Aikido is a Japanese martial art that uses a system of holds, throws, and joint locks as its principle movements. The art focuses on blending with the energy of an attack and controlling or subduing the attacker without causing harm.
Aikido principles hold that the body and mind are one. When a person acts in this concerted manner, great power is possible. By joining with the motion of an attack and taking control of its force, it is possible to redirect the power of the attack safely and effectively.
Aikido is not only a spiritual discipline but also involves physical mastery. We learn to respect others through mutual physical contact. In this way, a means of communication is established that transcends the barriers of lifestyle, language, culture, and race. Aikido, as a martial Way for all people, is like a compass which directs the completion and unification of each person’s body, mind, and spirit with the fundamental and creative spirit of the universe.
Aikido is practiced world-wide by men and women both young and old and is appropriate for children as young as six years old.
Information regarding attending beginner classes can be found HERE, Visiting the Dojo.
Aikido Body Art
The Beginner’s class is structured for new students wanting to try Aikido for the first time and for junior students wanting or requiring closer attention and practice of basics techniques.
The Mixed class is tailored to the individual class participants. Depending on the class make up, basic, intermediate, or advanced techniques may be taught. Everyone may safely train in a mixed level class.
Aikido training is also composed of weapons training. There are designated weapons classes, where the student will learn to become familiar with handling a bokken (wooden sword) and a jo (wooden staff), and learn the formal weapon system developed by Chiba Sensei. Occasionally, taijutsu will be combined with weapons training to expose the student to disarming techniques.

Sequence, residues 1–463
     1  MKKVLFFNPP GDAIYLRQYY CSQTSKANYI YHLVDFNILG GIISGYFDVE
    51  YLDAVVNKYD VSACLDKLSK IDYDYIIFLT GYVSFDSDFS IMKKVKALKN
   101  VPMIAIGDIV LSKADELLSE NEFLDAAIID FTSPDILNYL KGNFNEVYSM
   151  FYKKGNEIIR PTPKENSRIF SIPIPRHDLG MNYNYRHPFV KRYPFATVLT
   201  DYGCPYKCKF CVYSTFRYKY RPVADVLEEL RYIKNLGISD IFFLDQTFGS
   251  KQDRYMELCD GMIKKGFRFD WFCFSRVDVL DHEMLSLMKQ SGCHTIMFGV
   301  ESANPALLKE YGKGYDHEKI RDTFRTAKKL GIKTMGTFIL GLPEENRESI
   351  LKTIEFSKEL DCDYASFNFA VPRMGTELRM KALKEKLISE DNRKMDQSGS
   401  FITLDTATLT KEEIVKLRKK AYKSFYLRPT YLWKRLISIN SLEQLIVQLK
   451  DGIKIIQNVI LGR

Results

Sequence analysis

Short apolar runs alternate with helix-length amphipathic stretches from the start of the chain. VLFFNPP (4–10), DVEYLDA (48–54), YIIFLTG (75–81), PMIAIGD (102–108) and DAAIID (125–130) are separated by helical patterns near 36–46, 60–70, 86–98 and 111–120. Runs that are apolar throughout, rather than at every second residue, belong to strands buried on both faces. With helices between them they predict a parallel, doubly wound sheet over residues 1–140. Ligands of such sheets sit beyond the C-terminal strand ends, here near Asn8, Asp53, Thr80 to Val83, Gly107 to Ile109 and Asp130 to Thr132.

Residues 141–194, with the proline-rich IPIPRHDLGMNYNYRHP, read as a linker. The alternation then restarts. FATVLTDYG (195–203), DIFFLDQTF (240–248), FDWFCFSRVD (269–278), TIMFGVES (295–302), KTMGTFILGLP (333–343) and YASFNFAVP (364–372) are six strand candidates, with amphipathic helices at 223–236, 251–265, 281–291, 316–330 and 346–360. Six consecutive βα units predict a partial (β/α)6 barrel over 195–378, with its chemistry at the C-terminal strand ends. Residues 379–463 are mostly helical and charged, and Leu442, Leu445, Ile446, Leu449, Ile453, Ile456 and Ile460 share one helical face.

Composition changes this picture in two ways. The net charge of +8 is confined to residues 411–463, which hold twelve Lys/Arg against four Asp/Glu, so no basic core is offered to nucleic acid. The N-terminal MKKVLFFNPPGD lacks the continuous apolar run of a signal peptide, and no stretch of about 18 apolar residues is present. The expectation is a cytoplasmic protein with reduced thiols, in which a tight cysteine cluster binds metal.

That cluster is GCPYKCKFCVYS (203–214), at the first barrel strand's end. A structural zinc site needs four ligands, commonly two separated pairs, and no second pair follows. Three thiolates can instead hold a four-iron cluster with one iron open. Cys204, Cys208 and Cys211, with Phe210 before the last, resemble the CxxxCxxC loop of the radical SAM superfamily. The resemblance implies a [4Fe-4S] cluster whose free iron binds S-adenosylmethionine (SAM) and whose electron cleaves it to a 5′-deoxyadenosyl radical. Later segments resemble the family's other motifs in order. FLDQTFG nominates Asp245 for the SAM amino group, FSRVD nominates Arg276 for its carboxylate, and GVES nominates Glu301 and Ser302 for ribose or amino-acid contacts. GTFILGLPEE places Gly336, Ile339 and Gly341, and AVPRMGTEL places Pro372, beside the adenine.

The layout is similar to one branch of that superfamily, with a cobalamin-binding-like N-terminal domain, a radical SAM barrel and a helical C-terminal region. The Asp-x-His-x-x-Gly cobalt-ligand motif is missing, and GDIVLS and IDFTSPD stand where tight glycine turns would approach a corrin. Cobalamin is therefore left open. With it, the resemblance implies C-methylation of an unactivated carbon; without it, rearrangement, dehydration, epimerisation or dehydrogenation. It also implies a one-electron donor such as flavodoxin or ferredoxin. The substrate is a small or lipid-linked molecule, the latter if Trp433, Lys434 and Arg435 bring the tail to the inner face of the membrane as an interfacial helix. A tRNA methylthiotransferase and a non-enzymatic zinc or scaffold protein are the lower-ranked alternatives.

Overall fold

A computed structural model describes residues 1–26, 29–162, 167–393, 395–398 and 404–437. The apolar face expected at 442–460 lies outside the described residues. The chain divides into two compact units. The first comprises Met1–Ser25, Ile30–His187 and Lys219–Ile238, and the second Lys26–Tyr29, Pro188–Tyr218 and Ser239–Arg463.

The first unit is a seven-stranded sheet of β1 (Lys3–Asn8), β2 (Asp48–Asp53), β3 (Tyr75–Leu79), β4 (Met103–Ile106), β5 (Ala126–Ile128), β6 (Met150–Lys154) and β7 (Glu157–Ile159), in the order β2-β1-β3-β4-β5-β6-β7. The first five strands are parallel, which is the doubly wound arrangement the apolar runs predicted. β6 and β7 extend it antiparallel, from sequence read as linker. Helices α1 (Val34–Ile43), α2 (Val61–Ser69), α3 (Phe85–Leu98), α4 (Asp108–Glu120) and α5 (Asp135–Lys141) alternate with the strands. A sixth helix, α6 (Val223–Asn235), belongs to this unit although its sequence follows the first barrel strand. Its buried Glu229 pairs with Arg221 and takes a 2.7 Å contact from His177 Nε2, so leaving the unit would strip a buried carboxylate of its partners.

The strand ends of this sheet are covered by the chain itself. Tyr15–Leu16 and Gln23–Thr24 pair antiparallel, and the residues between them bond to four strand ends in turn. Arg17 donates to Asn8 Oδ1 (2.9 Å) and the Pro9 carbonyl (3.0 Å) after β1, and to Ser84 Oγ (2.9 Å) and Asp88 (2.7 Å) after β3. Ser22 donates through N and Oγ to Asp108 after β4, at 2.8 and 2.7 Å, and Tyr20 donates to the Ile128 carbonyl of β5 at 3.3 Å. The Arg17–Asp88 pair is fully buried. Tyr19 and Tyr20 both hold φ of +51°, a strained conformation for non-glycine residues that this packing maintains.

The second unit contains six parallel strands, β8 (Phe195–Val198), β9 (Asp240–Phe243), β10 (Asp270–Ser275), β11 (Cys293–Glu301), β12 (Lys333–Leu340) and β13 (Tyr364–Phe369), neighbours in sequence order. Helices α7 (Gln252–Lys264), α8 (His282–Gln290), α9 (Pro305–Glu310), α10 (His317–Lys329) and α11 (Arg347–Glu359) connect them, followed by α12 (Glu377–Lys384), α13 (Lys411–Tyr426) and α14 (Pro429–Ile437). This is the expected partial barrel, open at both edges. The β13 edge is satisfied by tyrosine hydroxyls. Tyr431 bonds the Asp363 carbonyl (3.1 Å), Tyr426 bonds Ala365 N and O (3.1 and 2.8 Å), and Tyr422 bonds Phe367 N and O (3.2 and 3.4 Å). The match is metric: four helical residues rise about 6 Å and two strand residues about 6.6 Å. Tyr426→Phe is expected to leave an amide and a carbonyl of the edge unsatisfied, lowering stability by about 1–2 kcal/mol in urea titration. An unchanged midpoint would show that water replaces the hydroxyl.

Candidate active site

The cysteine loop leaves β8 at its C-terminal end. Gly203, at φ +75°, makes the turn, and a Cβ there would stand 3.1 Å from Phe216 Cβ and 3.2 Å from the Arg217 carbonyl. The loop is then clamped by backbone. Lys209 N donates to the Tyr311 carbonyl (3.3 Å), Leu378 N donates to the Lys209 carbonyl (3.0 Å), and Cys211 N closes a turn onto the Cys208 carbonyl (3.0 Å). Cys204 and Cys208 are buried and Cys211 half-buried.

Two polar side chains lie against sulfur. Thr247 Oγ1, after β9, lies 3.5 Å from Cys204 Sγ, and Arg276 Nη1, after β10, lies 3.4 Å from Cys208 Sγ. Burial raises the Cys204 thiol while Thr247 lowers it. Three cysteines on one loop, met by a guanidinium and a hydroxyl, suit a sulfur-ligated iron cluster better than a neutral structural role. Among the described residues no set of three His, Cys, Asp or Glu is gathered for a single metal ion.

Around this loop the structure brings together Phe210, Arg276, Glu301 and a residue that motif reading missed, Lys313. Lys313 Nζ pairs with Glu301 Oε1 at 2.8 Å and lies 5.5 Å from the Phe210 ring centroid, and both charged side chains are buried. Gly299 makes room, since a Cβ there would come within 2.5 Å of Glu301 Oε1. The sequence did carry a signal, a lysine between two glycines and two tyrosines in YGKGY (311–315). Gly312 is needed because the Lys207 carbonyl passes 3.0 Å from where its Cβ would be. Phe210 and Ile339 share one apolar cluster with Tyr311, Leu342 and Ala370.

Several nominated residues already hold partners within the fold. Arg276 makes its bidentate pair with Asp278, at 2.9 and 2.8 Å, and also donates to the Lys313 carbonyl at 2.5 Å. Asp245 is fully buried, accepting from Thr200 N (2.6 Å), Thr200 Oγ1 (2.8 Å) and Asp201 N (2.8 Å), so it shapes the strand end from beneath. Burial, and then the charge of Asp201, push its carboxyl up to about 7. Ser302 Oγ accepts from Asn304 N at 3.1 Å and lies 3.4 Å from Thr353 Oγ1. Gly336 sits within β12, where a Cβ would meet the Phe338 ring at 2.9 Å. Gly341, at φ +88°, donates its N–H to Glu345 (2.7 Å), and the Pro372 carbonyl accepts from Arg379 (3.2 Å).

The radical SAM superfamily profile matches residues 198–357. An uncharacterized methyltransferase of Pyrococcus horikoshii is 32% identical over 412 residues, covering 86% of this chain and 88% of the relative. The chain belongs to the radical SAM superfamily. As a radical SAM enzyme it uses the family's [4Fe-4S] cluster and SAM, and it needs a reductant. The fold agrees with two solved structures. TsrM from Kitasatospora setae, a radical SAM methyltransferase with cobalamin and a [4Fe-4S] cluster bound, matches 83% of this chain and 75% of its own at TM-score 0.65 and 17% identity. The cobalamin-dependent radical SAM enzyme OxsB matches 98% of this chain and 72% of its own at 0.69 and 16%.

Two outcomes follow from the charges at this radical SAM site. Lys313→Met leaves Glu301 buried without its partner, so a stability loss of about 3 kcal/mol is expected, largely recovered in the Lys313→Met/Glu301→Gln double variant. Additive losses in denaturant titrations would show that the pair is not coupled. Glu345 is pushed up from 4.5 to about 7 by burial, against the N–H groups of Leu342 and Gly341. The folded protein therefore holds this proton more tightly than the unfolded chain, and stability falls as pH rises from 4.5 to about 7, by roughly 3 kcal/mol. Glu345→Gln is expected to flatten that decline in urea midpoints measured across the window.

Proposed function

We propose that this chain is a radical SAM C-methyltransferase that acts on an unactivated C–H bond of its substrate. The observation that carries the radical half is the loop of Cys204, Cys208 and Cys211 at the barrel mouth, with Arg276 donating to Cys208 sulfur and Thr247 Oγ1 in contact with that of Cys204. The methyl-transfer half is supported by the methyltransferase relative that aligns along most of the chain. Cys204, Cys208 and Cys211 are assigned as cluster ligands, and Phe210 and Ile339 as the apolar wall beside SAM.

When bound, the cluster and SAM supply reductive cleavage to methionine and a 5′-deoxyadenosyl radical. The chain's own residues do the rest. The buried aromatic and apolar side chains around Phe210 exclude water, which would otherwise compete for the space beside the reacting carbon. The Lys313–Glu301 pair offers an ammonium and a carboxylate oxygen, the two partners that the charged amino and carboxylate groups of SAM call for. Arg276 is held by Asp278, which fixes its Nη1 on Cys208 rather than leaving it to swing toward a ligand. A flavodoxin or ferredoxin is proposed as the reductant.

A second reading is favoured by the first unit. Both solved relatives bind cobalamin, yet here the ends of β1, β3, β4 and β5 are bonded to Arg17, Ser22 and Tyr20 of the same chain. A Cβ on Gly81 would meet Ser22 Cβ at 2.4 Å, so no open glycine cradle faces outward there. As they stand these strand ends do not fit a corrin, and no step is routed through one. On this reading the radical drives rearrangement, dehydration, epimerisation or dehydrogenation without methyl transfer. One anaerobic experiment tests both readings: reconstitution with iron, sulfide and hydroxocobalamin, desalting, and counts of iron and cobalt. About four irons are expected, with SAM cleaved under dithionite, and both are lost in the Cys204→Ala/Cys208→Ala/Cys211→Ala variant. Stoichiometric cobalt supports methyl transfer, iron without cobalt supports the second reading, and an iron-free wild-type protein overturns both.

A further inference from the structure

Note: Permission should be received prior to attending any weapons classes.
Iaido – Batto-ho is the art of drawing the sword, based on the traditional form of Japanese Iaido. Batto-ho is studied at San Diego Aikikai for what it reveals about the roots of Aikido as a martial art much in the same manner bokken and jyo deepen the understanding of students.
Zazen – Zen has a strong link to the martial culture of Japan. Both the warrior culture and Zen discipline emphasize the impermanence of life and teach us to be present in the moment, here and now. Zazen is seated, silent meditation, and may be practiced by any student regardless of religious affiliation. Birankai International’s Zen Meditation page offers more information and links on the history of zen training and aikido.
Misogi – Misogi-no-kokyu-ho comes from the Shinto tradition and may be translated as purification through breathing. Misogi practice involves sitting in the kneeling posture of seiza, deep breathing exercises, and the strong repetitive chanting of eight syllables. Initiation into misogi occurs in Japan at the Ichikukai dojo through a four-day period of intensive practice. The training is arduous, emotionally straining, and physically exhausting, yet it is a unique opportunity to break through self-imposed limitations and egoistic personality defenses. Students wishing to participate in misogi practice should speak with the Chief Instructor prior to attending.